Commercial Fisheries News - August 1999

Lobster shedding in a nutshell

The larger the lobster, the longer it takes it to shed. A legally sized lobster spends about 1/2-hour escaping from its old shell once it has rolled over on its side.

To begin shedding, the carapace (part of shell covering the body) lifts up away from the tail. The lobster raises the carapace by swallowing water. Then, the whitish colored membrane between the body and tail bursts, the fluid escapes, and the lobster rolls over on its side.

Lobsters shed the body and head first. The gills can be seen beneath the carapace while the lobster molts the lining of its gills (fuzzy stuff attached to legs).

Next, the eyes pop out under the old shell. By now you can see the new shell covering the body. Throughout this time the lobster pulls and pulls until it finally frees the bulky claw meat from the narrow joints.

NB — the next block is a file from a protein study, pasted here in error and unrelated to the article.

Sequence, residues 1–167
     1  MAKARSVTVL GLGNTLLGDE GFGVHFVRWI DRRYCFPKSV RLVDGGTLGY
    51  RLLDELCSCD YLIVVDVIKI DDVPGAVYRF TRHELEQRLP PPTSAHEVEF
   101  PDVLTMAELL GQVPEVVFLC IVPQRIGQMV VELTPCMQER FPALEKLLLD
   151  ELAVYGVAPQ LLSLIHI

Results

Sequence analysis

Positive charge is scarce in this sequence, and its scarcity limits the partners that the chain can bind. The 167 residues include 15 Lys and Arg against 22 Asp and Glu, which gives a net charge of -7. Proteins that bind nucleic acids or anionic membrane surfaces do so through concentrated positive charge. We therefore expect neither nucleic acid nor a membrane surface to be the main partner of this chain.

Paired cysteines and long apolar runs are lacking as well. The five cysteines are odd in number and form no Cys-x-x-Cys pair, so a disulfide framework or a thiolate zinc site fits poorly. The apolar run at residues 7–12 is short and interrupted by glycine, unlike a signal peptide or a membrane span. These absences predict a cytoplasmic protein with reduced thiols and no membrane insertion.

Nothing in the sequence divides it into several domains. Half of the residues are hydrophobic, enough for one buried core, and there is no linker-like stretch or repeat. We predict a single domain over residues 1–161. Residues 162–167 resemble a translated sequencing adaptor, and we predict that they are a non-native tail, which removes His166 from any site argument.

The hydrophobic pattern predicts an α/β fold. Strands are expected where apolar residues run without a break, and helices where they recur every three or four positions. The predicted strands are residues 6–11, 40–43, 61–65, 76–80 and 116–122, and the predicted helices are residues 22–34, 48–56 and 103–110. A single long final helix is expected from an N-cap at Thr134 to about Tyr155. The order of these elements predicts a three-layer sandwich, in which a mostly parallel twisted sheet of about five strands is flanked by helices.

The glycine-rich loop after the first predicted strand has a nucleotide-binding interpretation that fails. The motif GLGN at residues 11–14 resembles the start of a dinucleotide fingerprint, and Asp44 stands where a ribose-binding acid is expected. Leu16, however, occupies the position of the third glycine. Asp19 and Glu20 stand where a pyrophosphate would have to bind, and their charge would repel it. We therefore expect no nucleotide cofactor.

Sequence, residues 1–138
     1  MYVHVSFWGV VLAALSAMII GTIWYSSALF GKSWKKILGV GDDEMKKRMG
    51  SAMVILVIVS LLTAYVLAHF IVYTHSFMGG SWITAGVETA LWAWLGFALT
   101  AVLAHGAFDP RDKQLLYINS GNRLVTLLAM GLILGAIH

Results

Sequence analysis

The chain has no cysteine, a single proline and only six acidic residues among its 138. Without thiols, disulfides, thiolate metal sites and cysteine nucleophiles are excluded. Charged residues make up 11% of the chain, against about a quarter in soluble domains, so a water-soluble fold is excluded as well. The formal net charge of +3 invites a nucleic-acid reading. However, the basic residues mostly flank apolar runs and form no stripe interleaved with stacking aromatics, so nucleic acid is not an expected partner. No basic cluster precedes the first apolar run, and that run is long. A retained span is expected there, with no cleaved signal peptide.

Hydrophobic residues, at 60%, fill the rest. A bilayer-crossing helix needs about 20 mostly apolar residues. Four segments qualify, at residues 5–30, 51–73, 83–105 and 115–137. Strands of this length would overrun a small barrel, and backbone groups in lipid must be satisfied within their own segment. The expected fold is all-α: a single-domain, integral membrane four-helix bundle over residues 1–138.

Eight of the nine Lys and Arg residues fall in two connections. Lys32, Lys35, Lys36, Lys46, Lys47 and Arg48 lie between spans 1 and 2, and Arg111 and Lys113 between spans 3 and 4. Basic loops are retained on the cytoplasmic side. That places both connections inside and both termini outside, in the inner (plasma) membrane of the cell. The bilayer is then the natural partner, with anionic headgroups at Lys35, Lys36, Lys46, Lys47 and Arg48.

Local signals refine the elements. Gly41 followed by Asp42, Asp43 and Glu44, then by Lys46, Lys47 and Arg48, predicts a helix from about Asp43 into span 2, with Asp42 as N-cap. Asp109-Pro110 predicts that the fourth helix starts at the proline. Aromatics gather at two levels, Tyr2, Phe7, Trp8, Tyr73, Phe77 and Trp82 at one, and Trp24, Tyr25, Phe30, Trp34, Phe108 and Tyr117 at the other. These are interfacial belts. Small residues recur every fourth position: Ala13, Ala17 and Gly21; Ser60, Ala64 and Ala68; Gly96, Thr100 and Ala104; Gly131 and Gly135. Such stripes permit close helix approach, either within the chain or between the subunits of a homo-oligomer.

Once the claws are shed, the entire lobster is freed with the flip of the tail. An intact shell now lies beside the helpless rag.

For the next 1/2-hour, the lobster flops around unable to support itself on its legs. The claws are shriveled up and the antennae fall to the bottom. The lobster swells up again with water to build itself a hydrostatic skeleton. Then, if it is a sexually mature female, it walks toward its mate and copulates. If it is a male, it begins to eat its old shell.

Gradually, the claws swell up to fill in the new shell. In a few hours, the new shell grows to its full size.

If you catch a lobster during the act of escaping from the shell:

Ask the Lobster Doc